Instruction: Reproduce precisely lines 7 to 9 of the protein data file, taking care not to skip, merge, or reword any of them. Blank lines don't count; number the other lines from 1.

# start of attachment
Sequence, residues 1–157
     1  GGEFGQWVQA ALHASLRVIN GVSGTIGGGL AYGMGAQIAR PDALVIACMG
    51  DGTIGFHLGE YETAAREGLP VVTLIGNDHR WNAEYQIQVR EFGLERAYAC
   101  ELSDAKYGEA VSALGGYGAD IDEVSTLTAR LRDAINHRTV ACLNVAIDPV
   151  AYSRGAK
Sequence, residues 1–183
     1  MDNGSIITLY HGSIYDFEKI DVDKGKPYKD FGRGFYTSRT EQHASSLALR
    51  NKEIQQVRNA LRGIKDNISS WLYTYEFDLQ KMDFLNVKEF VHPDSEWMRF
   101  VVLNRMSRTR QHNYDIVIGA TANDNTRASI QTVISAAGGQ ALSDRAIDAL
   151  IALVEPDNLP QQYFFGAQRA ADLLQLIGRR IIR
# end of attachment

     1  MDNGSIITLY HGSIYDFEKI DVDKGKPYKD FGRGFYTSRT EQHASSLALR
    51  NKEIQQVRNA LRGIKDNISS WLYTYEFDLQ KMDFLNVKEF VHPDSEWMRF
   101  VVLNRMSRTR QHNYDIVIGA TANDNTRASI QTVISAAGGQ ALSDRAIDAL